A new study suggests that eye injections of the drug Lucentis (also known as ranibizumab) appear to be useful in the treatment of a potentially blinding eye condition called macular edema that can afflict people with diabetes. "The results are impressive," lead author Dr. Quan Dong Nguyen, from Johns Hopkins Wilmer Eye Institute in Baltimore, said in a statement. However, "we will not know until we begin a larger clinical trial what the long-term benefits of the drug might be."
In diabetic macular edema, fluid accumulates in part of the retina responsible for central vision. Increased expression of the growth factor known as VEGF is thought to play a role in macular edema. Therefore, treatments that block VEGF, like ranibizumab, could potentially be useful.
Previous reports have shown ranibizumab to be effective in cases of age-related macular degeneration. In the present study, Nguyen’s team investigated the effects of ranibizumab in 10 patients with diabetic macular edema. The subjects were given intraocular injections of ranibizumab at the start of the study and at 1, 2, 4, and 6 months.
At the 7-month checkup, researchers noted a significant drop in macular thickness and improvement in visual acuity in study subjects.
The eye injections were well tolerated and were not associated with any side effects, the report indicates.
"We’ve suspected for a while that ranibizumab’s ability to shut down VEGF’s signaling would do the trick because it’s highly likely that VEGF is the culprit when it comes to diabetic macular edema," Nguyen noted.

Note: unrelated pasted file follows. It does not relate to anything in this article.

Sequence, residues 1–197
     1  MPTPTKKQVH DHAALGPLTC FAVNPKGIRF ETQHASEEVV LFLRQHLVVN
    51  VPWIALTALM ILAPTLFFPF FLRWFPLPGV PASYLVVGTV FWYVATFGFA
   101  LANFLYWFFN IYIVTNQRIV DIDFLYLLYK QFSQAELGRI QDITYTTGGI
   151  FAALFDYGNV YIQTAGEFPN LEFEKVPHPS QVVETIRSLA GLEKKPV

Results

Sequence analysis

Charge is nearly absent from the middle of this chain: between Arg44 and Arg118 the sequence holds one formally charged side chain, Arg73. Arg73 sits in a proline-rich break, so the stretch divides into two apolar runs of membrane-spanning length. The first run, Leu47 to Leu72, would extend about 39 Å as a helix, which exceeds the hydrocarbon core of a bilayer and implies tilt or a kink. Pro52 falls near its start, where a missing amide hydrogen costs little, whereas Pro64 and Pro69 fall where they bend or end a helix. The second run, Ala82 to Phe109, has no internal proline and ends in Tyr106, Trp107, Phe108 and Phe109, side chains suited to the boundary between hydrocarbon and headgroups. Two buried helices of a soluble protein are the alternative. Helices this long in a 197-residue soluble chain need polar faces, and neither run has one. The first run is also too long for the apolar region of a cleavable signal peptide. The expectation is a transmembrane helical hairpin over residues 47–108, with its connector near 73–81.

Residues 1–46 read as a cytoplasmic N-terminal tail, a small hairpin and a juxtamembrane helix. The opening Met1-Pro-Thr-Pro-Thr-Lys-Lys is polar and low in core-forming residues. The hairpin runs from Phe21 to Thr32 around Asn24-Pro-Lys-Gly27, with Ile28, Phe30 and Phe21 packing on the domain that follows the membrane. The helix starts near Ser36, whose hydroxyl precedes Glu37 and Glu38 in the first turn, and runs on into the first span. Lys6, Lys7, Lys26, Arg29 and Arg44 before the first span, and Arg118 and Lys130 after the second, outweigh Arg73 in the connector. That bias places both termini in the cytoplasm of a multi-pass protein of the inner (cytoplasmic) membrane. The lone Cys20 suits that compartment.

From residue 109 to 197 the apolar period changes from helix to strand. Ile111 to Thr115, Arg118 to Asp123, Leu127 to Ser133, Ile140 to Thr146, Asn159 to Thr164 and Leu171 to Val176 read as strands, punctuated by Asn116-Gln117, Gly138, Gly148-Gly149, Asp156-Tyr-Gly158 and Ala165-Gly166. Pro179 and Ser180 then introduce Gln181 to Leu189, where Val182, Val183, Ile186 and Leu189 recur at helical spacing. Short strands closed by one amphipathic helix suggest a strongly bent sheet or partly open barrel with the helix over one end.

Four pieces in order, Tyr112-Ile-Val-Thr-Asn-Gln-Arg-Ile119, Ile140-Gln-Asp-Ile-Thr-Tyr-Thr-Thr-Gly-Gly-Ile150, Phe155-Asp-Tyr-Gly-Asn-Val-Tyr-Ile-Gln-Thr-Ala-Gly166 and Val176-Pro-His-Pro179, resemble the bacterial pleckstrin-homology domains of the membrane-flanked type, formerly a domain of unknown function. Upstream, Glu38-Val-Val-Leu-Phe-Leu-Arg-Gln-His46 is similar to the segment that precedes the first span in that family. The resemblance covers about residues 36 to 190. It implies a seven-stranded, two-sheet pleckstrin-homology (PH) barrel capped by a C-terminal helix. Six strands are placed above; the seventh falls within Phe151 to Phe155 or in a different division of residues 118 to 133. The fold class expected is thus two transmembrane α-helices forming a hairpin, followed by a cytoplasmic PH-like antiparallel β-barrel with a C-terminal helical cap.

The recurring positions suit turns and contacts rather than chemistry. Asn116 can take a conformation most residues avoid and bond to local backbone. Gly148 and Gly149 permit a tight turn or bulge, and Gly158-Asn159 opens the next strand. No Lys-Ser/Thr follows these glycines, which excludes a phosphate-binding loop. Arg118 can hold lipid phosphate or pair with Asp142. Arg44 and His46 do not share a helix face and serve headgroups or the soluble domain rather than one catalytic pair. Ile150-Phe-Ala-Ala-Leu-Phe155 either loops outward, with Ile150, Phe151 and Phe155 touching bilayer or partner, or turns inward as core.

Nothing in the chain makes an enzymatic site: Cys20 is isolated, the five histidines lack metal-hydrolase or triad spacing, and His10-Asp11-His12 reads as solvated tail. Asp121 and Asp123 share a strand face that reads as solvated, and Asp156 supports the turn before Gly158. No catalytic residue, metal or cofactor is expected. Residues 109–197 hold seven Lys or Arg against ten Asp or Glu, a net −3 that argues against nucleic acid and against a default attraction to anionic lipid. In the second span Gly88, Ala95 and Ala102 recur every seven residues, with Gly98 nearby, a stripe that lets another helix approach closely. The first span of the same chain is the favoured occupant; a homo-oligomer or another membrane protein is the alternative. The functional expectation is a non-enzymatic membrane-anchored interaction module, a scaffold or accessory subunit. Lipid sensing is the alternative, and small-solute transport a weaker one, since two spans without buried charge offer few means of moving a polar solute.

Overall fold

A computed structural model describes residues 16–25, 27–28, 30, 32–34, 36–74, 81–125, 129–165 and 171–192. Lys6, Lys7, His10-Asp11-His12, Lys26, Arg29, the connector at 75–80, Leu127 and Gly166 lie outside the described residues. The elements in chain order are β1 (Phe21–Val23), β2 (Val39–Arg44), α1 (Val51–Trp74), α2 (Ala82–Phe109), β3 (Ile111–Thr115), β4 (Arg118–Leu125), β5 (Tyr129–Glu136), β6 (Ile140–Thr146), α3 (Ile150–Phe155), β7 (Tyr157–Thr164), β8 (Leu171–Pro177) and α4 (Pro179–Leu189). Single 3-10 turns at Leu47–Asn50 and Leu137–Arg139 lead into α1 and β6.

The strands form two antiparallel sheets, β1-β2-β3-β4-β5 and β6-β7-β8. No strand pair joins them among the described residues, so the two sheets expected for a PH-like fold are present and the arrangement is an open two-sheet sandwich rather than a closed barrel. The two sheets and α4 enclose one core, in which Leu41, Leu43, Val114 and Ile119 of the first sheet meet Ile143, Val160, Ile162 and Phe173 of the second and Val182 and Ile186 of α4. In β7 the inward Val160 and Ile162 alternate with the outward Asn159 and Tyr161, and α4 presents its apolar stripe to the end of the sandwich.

A study investigating the long-term benefits of ranibizumab for diabetes patients with macular edema is currently in the planning stage.
American Journal of Ophthalmology December 2006.
Overweight adolescents have a 70 percent chance of becoming overweight adults: This increases to 80 percent if one or both parents are overweight or obese. Overweight 40-year-old female nonsmokers lost 3.3 years, while their male counterparts lost 3.1 years. In obese 40-year-old nonsmokers, women lost 7.1 years and men lost 5.8 years. Nearly 14 percent of preschool children (ages 2–5) were overweight in 2003–04, up from 10.3 percent in 1999–2000. The prevalence of overweight in children ages 6–11 increased from 4 percent in 1971–74 to 17.5 percent in 2001–04. In adolescents ages 12–19, prevalence increased from 6.1 percent to 17 percent. The age-adjusted prevalence of overweight and obesity increased from 64.5 percent in 1999-2000 to 66.3 percent in 2003-2004.